**Graph-based heuristics** ## Minimal width ordering (MWO) ## Maximal cardinality ordering (MCO) ## Minimal bandwidth ordering (BBO)
**Width of a graph** ## A graph-theoretic criterion ## Constraint graph ## Ordering of nodes *how many possible orderings?* ## Width of an ordering ## Width of the graph (independent of the ordering)
**Minimal width ordering (MWO)** ## Reduces the chance of backtracking: ## Variables that have more variables depending on them are labeled first ## Finding minimum width ordering: O(n2)
**Procedure: Width or a graph G** ## Remove from the graph all nodes not connected to any others ## Set *k* 0 ## Do while there are nodes left in the graph - Set
*k* (*k*+1) - Do While there are nodes not connected to more than k others
- Remove such nodes from the graph, along with any edges connected to them
## Return *k* ## The minimal width ordering of the nodes is obtained by taking the nodes in the reverse order than they were removed
**Variations on MWO** ## When removing a node, add a fill-in edge between every two nodes connected to the node but not connected between themselves ## Remove the node that, after removal, yields the smallest number of fill-in edges ## Etc.
**Maximal cardinality ordering** ## An approximation of min. width ordering ## Choose a node arbitrarily ## Among the remaining nodes, choose the one that is connected to the maximum number of already chosen nodes, break ties arbitrarily ## Repeat…
**Minimal bandwidth ordering** ## Localizes/confines backtracking ## The smaller the bandwidth, the sooner one could backtrack to relevant decisions ## Finding minimum bandwidth ordering is NP-hard ## Is there an ordering of a given bandwidth *k*?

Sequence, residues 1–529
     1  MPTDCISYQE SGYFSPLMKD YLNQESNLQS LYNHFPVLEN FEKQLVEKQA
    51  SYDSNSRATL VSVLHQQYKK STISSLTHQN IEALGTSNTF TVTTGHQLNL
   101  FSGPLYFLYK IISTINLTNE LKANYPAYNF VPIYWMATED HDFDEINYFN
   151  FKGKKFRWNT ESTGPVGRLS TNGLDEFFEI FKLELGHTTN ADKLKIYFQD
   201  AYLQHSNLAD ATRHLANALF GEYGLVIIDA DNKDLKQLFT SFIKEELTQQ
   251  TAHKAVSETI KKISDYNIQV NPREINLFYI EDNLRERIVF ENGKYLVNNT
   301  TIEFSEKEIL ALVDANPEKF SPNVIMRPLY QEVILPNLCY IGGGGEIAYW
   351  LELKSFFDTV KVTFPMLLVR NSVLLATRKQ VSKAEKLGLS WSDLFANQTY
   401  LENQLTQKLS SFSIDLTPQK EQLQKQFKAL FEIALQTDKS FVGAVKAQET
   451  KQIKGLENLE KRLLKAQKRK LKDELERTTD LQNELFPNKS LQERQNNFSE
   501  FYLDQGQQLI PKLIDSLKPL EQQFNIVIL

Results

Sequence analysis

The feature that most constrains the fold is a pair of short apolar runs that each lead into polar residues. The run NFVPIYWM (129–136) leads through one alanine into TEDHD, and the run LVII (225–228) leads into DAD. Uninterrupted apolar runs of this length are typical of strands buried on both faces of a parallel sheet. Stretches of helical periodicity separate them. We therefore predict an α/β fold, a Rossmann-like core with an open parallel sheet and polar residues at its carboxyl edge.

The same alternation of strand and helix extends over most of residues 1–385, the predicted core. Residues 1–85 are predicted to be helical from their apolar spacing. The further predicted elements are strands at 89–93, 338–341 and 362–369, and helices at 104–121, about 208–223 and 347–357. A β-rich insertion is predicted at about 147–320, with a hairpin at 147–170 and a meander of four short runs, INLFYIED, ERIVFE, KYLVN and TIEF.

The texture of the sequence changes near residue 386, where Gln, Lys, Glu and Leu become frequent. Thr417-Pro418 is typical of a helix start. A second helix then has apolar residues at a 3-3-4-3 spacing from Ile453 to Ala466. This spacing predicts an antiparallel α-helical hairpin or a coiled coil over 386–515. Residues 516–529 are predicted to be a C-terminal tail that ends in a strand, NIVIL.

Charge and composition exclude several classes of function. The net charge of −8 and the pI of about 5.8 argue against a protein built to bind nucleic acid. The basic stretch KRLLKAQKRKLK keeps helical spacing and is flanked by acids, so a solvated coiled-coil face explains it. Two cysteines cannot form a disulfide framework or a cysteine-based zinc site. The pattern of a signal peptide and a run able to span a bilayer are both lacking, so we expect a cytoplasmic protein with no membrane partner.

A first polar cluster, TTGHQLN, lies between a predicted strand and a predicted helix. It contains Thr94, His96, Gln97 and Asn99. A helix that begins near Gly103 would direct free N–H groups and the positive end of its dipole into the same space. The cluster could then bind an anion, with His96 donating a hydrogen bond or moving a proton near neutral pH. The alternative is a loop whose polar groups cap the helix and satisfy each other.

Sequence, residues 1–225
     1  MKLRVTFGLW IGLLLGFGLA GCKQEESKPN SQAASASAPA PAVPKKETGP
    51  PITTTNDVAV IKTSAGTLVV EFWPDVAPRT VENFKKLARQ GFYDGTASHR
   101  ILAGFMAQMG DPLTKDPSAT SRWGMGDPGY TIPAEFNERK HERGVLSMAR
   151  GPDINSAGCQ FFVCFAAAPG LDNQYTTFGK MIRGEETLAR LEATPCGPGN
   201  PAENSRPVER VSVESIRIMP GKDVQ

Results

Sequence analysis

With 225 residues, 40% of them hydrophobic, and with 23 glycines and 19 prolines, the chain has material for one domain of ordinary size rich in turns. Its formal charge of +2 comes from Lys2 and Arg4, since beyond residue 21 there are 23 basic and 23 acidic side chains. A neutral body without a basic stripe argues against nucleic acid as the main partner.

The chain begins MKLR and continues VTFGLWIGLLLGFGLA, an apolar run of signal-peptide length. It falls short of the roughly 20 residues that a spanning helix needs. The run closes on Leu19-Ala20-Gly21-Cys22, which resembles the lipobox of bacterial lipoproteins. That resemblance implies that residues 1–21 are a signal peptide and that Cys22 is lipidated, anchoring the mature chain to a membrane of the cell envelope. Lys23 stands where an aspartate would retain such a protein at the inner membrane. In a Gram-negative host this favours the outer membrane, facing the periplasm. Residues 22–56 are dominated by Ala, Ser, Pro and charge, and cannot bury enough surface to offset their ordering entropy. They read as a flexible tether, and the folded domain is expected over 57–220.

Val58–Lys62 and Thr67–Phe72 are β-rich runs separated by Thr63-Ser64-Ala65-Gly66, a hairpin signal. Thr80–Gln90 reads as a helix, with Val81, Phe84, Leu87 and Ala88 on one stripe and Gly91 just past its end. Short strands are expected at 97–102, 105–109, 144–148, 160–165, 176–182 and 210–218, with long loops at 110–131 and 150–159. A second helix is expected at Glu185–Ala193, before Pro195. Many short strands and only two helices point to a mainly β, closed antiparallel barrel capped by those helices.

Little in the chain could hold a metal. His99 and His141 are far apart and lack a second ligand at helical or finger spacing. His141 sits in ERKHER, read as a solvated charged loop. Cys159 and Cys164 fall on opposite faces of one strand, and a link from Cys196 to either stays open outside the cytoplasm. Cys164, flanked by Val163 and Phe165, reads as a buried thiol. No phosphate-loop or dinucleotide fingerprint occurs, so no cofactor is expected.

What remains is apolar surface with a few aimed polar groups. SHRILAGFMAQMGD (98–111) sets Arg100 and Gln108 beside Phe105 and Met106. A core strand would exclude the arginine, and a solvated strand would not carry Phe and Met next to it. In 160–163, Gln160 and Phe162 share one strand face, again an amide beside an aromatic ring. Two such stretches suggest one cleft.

**Ordering heuristics: how, when?** ## How - Static variable, value ordering
- Dynamic variable (static value)
- Dynamic variable, dynamic value (dynamic vvp)
## When - Finding one solution
- Finding all solutions
**Computing the orders** **Static**
- Sort all variables, at pre-processing
- Based on:
- Initial domain (for LD, ddr, etc.)
- All neighbors of a variable (for deg, ddr, etc.)
**Dynamic**
- Select one variable, during search
- Based on:
- Current domain (for LD, ddr, etc.)
- All un-instantiated neighbors of a variable (for deg, ddr, etc.)
- Exploit the domino effect.
- When the domain of any future variable has a single value, instantiate this variable first.
**Search & ordering heuristics**
**Static variable, static value** ## vvps pertaining to the same variable across a given level
**Dynamic variable, static value** ## vvps pertaining to the same variable for nodes with a common parent, but possibly to different variables for nodes with different parents
**Dynamic vvp** ## vvps pertaining to different variables
**Side comment** ## This wisdom holds *k*-way branching ## [Smith, IJCAI 05] showed that this is not true for 2-way branching, which, apparently, is used in commercial products such as ECLiPSe and Ilog ## The benefits (if any) and implications of 2-way branching versus *k*-way branching are not fully studied yet